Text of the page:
1. Baidu has a new trick for teaching AI the meaning of language

Google in an ongoing competition in AI. The company was Baidu, China’s closest equivalent to Google, and the competition was the General Language Understanding Evaluation, otherwise known as GLUE.

Author: Karen Hao

Read More On: MIT Technology Review

2. China’S Baidu Dethrones Google To Take AI Language Crown

Chinese technology giant Baidu has overtaken Google and Microsoft in an artificial intelligence competition designed to test how well a machine can understand human language. Baidu, which is often referred to as China‘s Google, achieved the highest ever score in the General Language Understanding Evaluation (Glue) – widely considered to be the benchmark for AI language understanding.

Author: Anthony Cuthbertson

Read More On: Independent

3. AI creativity will bloom in 2020, all thanks to true web machine learning

Machine learning has been trotted out as a trend to watch for many years now. But there’s good reason to talk about it in the context of 2020. And that’s thanks to developments like TensorFlow.js: an end-to-end open source machine learning library that is capable of, among other features, running pre-trained AI directly in a web browser.

Author: Maciej Zasada

Read More On: The Next Web

4. Japan Loves Robots, but Getting Them to Do Human Work Isn’t Easy

ASAHIKAWA, Japan — Removing the tiny eyes that pockmark potatoes is dull, repetitive and time-consuming work — perfect, it would seem, for robots in a country where the population is declining and workers are increasingly in short supply.

Author:

Read More On: The New York Times

5. How AI Is Really Going To Change Real Estate In 2020 And Beyond

By 2030, AI is predicted to add +$15 trillion to the global GDP thanks largely to solving data issues according to PwC. Lending money used to be a tricky business but time consumers and technology is changing. Banks and other industries are struggling to cope with the changing consumer demand, but a few are getting it right.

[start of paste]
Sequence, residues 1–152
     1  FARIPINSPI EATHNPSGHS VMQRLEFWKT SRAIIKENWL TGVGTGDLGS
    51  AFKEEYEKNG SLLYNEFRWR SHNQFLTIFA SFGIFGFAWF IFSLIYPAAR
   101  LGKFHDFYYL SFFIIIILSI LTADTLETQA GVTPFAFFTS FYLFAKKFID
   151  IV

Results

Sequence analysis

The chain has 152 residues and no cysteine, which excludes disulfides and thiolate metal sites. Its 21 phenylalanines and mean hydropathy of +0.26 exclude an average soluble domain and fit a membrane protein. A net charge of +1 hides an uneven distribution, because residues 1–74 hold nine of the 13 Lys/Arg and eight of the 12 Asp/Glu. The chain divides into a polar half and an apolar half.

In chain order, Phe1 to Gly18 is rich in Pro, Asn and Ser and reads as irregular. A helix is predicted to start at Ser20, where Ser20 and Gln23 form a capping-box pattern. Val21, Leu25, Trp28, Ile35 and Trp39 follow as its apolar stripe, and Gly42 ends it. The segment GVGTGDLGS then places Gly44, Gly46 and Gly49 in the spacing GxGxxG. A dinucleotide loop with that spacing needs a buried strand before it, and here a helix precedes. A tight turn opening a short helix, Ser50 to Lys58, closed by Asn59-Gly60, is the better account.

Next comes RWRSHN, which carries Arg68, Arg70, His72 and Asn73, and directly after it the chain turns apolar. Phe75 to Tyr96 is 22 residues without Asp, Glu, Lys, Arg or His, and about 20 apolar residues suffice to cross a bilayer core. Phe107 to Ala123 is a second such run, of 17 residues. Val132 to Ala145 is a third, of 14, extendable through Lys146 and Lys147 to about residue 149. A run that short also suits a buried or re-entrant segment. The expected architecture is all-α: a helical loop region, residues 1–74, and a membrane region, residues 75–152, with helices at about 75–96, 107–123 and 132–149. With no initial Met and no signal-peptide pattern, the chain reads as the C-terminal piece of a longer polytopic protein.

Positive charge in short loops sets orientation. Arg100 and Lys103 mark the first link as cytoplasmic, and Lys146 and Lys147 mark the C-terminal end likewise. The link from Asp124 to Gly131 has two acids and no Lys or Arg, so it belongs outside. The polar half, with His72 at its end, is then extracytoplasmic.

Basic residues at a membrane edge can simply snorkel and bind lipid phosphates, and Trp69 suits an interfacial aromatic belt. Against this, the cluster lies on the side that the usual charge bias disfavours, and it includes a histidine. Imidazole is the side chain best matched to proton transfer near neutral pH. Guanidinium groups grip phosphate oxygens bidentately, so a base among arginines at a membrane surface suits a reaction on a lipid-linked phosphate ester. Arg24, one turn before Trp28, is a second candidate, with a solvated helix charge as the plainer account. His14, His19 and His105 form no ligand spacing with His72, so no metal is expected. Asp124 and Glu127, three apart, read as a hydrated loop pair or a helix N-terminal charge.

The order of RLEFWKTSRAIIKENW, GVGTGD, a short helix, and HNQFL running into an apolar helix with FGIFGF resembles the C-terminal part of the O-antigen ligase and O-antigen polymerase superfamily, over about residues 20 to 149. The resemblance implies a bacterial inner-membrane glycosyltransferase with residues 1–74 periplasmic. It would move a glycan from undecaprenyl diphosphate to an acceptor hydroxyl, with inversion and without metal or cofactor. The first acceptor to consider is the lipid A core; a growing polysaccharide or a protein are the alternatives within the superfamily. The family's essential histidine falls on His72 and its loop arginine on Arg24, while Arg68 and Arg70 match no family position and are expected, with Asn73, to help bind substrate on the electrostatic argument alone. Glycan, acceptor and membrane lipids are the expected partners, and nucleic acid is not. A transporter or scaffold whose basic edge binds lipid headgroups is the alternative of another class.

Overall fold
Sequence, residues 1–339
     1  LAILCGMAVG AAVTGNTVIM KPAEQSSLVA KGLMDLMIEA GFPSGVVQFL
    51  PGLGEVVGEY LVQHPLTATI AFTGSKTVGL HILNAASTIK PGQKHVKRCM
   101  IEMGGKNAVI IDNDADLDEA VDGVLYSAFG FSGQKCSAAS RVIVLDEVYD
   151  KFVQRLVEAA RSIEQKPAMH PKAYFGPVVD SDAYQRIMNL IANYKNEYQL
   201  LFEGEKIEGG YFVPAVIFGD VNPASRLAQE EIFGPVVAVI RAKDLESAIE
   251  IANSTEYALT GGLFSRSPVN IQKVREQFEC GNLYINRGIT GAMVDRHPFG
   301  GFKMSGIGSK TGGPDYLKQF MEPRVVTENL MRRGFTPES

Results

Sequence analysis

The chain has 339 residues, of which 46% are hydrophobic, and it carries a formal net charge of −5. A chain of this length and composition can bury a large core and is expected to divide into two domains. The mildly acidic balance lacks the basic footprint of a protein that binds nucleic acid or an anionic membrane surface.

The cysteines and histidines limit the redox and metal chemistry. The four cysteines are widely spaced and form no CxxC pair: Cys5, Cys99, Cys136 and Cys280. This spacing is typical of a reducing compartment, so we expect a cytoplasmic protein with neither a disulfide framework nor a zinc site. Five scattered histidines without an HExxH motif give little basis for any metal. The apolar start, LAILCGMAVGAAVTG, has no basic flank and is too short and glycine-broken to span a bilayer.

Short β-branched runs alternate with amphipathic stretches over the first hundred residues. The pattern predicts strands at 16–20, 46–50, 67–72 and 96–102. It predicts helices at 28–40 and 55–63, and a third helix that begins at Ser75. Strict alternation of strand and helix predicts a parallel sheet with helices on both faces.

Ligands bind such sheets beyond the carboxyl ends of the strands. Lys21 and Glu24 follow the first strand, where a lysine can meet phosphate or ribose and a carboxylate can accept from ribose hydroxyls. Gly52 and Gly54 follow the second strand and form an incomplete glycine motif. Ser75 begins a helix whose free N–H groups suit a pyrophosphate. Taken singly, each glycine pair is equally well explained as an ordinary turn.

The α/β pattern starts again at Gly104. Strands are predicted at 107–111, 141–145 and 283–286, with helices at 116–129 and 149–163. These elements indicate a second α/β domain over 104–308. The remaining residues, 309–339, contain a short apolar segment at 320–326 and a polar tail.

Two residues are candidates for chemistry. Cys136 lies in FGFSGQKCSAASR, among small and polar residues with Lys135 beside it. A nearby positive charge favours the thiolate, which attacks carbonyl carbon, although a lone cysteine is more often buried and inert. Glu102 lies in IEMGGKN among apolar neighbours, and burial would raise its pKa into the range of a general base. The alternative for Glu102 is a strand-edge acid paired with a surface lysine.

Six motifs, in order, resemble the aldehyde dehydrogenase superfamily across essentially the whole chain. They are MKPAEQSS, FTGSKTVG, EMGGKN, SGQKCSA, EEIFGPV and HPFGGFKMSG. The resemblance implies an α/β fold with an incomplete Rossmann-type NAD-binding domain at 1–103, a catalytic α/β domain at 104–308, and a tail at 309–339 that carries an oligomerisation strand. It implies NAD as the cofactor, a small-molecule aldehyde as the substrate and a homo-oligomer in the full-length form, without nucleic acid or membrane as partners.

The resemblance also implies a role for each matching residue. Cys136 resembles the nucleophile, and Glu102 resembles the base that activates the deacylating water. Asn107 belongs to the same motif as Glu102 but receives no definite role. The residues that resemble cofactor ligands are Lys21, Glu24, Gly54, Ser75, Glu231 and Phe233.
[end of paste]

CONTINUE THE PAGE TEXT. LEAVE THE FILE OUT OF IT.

Author: Paul Armstrong

Read More On: Forbes

6. Lack of guidance leaves public services in limbo on AI, says watchdog

Police forces, hospitals and councils struggle to understand how to use artificial intelligence because of a lack of clear ethical guidance from the government, according to the country’s only surveillance regulator.

Author: Dan Sabbagh

Read More On: The Guardian

7. 10 Ways AI Is Going To Improve Fintech In 2020

Bottom Line: AI & machine learning will improve Fintech in 2020 by increasing the accuracy and personalization of payment, lending, and insurance services while also helping to discover new borrower pools.

Author: LouisColumbus

Read More On: Forbes

8. Generative adversarial networks: What GANs are and how they’ve evolved

Perhaps you’ve read about AI capable of producing humanlike speech or generating images of people that are difficult to distinguish from real-life photographs. More often than not, these systems build upon generative adversarial networks (GANs), which are two-part AI models consisting of a generator that creates samples and a discriminator that attempts to differentiate between the generated samples and real-world samples.

Author: Kyle Wiggers

Read More On: VentureBeat

9. There’s a robot cat you can back on Kickstarter

You may have heard of Aibo, Sony’s robot dog, but if a robot cat is what you’ve always wanted, you’re now able to back one on Kickstarter. In fact, it actually looks kind of cute. MarsCat, made by Elephant Robotics, looks a lot like a cat, but it’s not realistic enough that you’ll be fooled into thinking it’s a replacement for a furry feline that might already wander around your house.

Author:  

Read More On: The Verge

10. In 2020, let’s stop AI ethics-washing and actually do something

Last year, just as I was beginning to cover artificial intelligence, the AI world was getting a major wake-up call. There were some incredible advancements in AI research in 2018—from reinforcement learning to generative adversarial networks (GANs) to better natural-language understanding.

Author: Karen Hao

Read More On: MIT Technology Review